by George Looby, DVM
The New England Small Farm Institute (NESFI) is a land based, non-profit organization located in Belchertown, MA on a 416-acre property that once served as the Belchertown State School. Founded in 1978 by a local citizens action group, to encourage more sustainable regional agriculture. This group was Women in Agriculture, Food Policy and Land Use Reform whose mission was and continues to be to promote small farm development by providing information and training for aspiring, beginning or transitional farmers.
The group maintains an extensive collection of informational material as well as producing publications of their own. They develop and offer farmer guided programs that provide down to earth information to those who may be looking for that sort of practical guidance.
Over the past few decades resources available to service the needs of the small farmer became increasingly scarce due in large part to dwindling demand for such services. Servicing this clientele simply was no longer profitable. Recognizing this problem several organizations began programs to assist new farmers in locating and purchasing farms. The advent of these programs led in turn to broader programs that offered assistance in business planning, technical assistance and referral. In the northeast three organizations that had developed assistance programs for beginning farmers collaborated to inventory and improve services to new farmers in the region.
As a result of this effort an entity entitled the Northeast New Farmer Network (NENFN) was established and funded. It’s objective was to improve resources, programs and referrals for new and prospective northeast farmers and create a network of service providers. The work done by this group led to the formation of smaller, more regional groups who were able to meet the needs of a smaller geographical area in a more focused way.
The farmstead on which the Institute is located is the home to a number of independent small farm businesses and is the site of a developing on-farm training program and business incubator. The site’s 250th year as a farm is being celebrated this year by the Institute’s heritage interpretive program. It is listed on the National Historic Register as a working agricultural landscape and further the state designated it a ”Special Place of Environmental Significance”
Growing New Farmers (GNF) was a four-year collaborative effort funded by a grant from USDA/CSREES. Acronyms abound in government agencies and this is but another example. In this instance it is the Cooperative State Research, Education and Extension Service. The mission of this agency is to advance agriculture, the environment, human health and well being by supporting research, education, and extension programs at land grant universities and other organizations it partners with. It is through one of the funding sources administered by this agency that the New England Small Farm Institute was able to develop and carry out this program. The Institute acted as host, fiscal sponsor and administrator of this program together with another program that it had developed called the Northeast New Farmer Network. Many organizations and institutions partnered with GNF in managing this undertaking. Among the modest areas and topics studied were program and resource development, new research, policy education and professional development.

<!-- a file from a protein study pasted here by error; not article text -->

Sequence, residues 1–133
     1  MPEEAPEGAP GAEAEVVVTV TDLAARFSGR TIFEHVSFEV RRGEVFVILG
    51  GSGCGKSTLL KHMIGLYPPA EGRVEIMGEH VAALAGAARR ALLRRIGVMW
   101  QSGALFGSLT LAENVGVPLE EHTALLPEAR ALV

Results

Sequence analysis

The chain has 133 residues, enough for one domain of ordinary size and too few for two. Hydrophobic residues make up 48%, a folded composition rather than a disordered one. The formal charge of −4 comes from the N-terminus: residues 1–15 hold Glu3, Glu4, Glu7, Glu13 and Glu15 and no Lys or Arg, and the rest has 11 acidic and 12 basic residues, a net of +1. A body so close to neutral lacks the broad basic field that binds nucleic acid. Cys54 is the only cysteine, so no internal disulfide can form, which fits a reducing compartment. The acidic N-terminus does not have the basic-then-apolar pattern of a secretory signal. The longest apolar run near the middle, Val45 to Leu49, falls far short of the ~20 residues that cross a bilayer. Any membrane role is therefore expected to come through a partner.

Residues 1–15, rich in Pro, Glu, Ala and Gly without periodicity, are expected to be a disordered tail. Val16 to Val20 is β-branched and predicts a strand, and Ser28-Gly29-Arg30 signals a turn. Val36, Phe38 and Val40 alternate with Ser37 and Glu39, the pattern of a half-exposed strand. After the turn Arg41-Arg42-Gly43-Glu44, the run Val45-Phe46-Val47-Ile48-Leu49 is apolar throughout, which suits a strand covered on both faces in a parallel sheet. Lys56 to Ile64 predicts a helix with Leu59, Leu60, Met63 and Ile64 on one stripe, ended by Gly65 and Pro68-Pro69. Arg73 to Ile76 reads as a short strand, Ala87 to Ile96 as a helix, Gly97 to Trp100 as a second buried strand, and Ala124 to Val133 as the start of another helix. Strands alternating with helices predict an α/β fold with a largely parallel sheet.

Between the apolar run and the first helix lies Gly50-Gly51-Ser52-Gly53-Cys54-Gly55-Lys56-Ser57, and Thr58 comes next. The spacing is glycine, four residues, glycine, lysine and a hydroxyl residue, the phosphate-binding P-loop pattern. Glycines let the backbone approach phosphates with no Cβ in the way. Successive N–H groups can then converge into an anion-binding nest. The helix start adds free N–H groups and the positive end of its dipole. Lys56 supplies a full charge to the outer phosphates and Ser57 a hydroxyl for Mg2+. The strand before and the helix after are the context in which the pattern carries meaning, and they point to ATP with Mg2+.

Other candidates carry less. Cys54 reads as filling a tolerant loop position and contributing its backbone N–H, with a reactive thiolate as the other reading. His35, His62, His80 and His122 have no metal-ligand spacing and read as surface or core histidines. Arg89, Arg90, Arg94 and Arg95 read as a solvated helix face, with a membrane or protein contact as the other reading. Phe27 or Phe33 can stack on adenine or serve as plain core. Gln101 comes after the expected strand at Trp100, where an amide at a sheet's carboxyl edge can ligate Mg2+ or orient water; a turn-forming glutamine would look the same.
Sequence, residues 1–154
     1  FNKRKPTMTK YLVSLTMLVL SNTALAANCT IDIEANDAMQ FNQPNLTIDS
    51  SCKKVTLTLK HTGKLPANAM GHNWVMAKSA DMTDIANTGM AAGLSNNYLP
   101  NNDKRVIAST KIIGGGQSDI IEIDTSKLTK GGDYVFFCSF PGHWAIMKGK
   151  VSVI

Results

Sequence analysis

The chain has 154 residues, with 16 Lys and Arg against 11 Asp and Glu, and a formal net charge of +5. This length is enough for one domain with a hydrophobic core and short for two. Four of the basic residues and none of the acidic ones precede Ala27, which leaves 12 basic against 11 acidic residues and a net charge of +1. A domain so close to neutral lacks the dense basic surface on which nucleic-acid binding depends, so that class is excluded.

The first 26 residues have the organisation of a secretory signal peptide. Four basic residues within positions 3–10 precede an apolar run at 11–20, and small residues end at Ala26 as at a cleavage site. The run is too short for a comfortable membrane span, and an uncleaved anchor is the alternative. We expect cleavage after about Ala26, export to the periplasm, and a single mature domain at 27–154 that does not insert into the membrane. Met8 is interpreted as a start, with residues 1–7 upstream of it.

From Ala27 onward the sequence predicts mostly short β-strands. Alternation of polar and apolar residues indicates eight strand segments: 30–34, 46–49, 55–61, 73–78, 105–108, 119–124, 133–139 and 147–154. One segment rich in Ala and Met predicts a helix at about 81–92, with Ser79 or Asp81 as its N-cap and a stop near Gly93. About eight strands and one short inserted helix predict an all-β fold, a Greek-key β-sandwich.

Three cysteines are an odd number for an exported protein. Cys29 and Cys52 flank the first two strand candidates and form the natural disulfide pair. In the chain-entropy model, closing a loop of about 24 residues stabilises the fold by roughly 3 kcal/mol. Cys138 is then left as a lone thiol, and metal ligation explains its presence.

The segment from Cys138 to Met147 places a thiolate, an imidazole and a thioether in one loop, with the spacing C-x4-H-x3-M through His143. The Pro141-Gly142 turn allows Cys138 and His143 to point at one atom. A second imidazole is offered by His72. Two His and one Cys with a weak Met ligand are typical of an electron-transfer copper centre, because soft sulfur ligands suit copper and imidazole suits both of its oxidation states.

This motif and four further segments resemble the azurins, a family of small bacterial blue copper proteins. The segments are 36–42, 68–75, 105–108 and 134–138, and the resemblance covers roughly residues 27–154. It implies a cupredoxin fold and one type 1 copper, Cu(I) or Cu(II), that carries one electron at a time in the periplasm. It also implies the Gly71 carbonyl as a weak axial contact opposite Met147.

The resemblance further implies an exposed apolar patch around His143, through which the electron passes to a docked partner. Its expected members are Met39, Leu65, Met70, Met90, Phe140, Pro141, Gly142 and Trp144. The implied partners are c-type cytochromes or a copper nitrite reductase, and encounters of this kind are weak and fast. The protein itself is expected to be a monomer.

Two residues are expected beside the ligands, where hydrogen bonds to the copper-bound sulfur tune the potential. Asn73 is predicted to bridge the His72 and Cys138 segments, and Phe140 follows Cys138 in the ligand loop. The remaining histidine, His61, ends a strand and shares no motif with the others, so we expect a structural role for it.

Grant writing is both art and science and to insure that a given grant application captures the attention of an evaluator, the goal of a submission must be carefully crafted in such a way as to be neither grossly overstated yet bold enough hold the reader’s interest. The grant application was successful and the organization was awarded a 1.7 million grant to fund the program.
The broad goal of the program is to assist start up farmers with the information and hands on experience they need to help them succeed. Broken down into its several parts one goal was to establish an ongoing Northeast service provider consortium and create a network of services, programs and activities that provide new farmers with the tools that they need for success.
In conjunction with this another segment would enhance the professional capacity of consortium members and expand participation. A further goal would be to produce science based knowledge that will advance understanding of issues critical to the success of new farmers. Another was to develop a program to educate policy makers and other stakeholders about policy issues that affect new farmers. It is this group that controls the purse strings and often their knowledge of things agricultural is rudimentary at best.
One of the key components of the program is the development of individuals or groups who have the background and willingness to act as service providers to new farmers. This would be a diverse group composed of county extension offices, state departments of agriculture and non-profit organizations dedicated to agricultural and/or environmental education and issues. Individuals might include agricultural educators working for institutions and on-farm mentors.
The organization places great emphasis on on-farm mentors and this is the direct result of feed back from participants who, if given a choice, would prefer to get their information directly from the guy or gal sitting on the tractor seat.
There are certain attributes that make for a good on farm mentors and they have been defined as skilled and experienced farmers who offer education, guidance, moral support and encouragement to trainees that they host on their farms. They teach knowledge and skills in a structured, supervised way and have a set of common qualities.
The New England Small Farm Institute is but another outstanding example of a regional organization that saw a need and developed a program to meet that need.